It seems almost certain, though, that Wharton took steps behind the scenes to ease Ward out of the Penn community. If that was the case, once again Ward seemed to win the chess match. Though he taught only 22 courses from 1999 through 2005, Wharton still paid for him to teach at its partner school in Bangkok — an especially baffling arrangement, since right there, in his CV filled with research on kids and his consulting jobs overseas, is the blueprint for his lifestyle, one made possible in large part by his connection to Penn. New students, not to mention their parents, were not alerted to their professor’s past — and in 2002, with two years still left in Ward’s probation, Wharton’s MBA classes bestowed on him their “Tough, But We’ll Thank You In Five Years” award.
That same year, as Ward quietly continued his probation, hoping to close one “sad chapter” in his life’s story, another old one opened up. After Boston’s archdiocese settled at least six abuse cases linked to former Alpha Omega director Bernie Lane, eight more lawsuits were filed in Boston against Lane. One of them, initiated by two unidentified males, also accused “psychiatrist” Scott Ward of molestation. The Boston Globe and the Associated Press mentioned Ward in their reports on the lawsuits, and Ward moved swiftly to settle with both parties — the same tactic he used when he paid Bruce Martin $50,000 to end a civil suit confidentially, with no mess and no public records.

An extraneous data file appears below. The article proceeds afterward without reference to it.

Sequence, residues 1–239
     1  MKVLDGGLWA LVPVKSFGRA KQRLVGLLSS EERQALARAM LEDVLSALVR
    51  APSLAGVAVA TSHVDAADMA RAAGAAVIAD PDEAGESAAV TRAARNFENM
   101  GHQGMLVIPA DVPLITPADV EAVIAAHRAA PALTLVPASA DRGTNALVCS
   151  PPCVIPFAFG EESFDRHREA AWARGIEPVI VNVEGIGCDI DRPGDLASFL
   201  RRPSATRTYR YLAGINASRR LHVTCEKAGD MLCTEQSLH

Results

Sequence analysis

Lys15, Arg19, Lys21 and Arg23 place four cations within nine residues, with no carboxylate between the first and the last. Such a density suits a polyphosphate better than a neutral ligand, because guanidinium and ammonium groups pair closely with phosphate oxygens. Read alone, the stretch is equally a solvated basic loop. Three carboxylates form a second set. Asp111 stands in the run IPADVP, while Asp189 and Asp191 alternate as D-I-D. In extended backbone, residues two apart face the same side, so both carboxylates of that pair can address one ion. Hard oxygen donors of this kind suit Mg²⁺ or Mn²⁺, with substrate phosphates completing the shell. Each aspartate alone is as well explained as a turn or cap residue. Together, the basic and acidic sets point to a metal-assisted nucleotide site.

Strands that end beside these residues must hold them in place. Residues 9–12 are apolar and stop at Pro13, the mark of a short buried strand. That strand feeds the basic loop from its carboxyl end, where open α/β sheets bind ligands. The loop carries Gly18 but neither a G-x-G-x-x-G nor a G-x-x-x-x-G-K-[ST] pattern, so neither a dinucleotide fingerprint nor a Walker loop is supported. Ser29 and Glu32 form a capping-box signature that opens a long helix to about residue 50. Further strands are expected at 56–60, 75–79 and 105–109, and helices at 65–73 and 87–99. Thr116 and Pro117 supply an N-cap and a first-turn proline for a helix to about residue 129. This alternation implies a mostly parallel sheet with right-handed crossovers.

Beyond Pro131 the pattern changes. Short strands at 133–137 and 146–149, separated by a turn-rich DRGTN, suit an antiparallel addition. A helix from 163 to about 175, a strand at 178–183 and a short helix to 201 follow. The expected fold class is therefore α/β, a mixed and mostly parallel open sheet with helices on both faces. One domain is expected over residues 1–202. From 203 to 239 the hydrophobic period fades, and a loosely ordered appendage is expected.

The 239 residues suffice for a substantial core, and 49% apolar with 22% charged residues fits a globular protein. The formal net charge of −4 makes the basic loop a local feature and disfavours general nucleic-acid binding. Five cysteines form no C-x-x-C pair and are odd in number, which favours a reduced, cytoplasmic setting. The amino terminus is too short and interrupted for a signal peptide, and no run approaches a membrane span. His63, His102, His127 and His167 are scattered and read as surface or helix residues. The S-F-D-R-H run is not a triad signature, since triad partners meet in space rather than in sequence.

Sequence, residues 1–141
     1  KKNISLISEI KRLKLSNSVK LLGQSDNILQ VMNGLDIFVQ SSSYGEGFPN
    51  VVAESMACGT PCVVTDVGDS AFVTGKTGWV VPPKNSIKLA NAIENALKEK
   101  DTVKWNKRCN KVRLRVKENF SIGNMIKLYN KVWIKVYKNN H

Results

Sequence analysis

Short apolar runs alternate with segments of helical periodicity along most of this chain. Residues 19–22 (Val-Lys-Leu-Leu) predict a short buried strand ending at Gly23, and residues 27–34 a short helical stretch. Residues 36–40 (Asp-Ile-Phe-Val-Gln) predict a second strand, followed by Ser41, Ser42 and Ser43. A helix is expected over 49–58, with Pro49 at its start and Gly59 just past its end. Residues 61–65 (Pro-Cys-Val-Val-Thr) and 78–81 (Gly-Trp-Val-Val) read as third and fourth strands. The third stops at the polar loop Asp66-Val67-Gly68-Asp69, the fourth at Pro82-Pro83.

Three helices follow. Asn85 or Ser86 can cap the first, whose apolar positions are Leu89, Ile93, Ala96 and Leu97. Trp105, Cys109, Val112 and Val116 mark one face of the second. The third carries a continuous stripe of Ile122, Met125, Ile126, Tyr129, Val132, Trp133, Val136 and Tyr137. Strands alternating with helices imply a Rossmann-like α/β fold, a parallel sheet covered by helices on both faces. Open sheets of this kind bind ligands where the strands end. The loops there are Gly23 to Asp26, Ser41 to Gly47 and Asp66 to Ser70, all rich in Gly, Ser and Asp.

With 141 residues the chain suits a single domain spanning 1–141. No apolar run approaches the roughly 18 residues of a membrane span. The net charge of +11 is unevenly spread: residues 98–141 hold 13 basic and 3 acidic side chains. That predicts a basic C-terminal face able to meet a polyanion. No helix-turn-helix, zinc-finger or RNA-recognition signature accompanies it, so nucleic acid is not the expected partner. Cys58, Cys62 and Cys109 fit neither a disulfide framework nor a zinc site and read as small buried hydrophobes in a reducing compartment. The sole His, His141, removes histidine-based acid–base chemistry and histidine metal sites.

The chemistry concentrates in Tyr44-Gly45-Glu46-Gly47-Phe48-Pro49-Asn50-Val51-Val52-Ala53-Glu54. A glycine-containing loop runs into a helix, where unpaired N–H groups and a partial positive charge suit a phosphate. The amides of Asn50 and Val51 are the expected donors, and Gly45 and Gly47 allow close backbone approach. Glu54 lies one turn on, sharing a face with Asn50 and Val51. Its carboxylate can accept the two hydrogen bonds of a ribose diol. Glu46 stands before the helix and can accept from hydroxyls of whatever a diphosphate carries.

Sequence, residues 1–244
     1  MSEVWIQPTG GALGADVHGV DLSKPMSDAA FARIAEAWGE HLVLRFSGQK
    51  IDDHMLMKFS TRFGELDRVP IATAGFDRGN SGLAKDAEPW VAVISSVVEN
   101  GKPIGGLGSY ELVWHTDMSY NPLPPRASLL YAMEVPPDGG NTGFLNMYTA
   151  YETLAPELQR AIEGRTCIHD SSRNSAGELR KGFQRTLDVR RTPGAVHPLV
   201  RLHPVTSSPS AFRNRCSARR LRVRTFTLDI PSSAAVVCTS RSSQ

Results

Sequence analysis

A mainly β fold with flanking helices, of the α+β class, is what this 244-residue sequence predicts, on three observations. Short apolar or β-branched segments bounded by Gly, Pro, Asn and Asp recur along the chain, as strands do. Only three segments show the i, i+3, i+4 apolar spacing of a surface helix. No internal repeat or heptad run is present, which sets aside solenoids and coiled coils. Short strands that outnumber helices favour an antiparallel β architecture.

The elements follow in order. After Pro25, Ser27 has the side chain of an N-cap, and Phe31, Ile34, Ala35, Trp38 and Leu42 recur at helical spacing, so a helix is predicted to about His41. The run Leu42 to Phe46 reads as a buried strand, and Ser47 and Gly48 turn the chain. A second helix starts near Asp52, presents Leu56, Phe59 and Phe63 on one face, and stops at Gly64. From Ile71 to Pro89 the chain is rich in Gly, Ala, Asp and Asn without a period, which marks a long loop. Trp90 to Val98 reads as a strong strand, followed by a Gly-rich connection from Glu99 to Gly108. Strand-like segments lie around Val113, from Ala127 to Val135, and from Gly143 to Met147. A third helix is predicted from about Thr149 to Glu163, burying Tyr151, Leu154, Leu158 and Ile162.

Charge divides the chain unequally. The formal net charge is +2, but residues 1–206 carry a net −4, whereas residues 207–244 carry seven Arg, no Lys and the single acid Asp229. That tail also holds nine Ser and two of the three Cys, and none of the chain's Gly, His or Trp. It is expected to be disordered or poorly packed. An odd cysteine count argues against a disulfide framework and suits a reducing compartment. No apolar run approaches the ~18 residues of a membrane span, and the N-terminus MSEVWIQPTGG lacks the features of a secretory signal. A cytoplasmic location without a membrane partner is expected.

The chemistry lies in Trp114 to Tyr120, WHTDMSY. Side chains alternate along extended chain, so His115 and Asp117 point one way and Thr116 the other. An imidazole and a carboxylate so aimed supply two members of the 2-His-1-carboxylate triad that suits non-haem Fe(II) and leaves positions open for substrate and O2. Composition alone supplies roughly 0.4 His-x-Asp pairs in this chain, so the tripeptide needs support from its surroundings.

The Alpha Omega accusations apparently didn’t violate Ward’s probation, which he completed without incident. They also didn’t move Wharton to take action, but in 2005, at just 62, still relatively young by academic standards, Ward accepted professor emeritus status — a curious decision, considering he told family and friends that his legal battles had drained his fortune, and that he’d moved to a more modest spread in Devon. Yet no one in Philadelphia even seemed aware of his connection to the Bernie Lane scandal. He continued to teach and travel overseas. The Hoffmans still defended him. But Ward’s arrogance and addiction would soon resurrect something neither his checkbook nor his genius could overcome.
WHEN WARD WAS ASKED IN court about the first time he met the Hoffman brothers, his answer wasn’t wholly untrue. The Hoffman home on Blair Street was indeed a scene of abject poverty. Mom and dad got high on coke in the upstairs bathroom — never in front of the kids — so when one of their five boys or their daughter couldn’t hold out any longer, a bucket in the kitchen served as a toilet. Dinner came courtesy of welfare checks or credits at the corner store, and the menu was often rice cakes topped with government cheese.
What both Ward and Frannie Hoffman, the oldest brother, would lie about under oath was how they really met — not in a chance encounter along the riverfront, but at Ward’s favorite rendezvous, the 30th Street McDonald’s. The meeting was orchestrated by Al Georigi, who said he knew Frannie as a drug dealer and told him about a guy in Ardmore who wanted to meet him and his brother Mark. Ward asked the boys: How do you live? Do you go to school? Can I meet your parents? — the same questions he would ask Bruce Martin and Spanky, the undercover cop. Ward couldn’t have designed a better family for his purposes — stoned parents who wouldn’t question why a Wharton professor wanted to throw money their way, put their kids in private schools, and send them a 25-pound turkey each Thanksgiving. Though some of Frannie’s relatives feared he was hustling to supplement his drug money, Frannie never admitted it. He was a little older than Ward liked his boys. His younger brother Mark, though, became Ward’s favorite.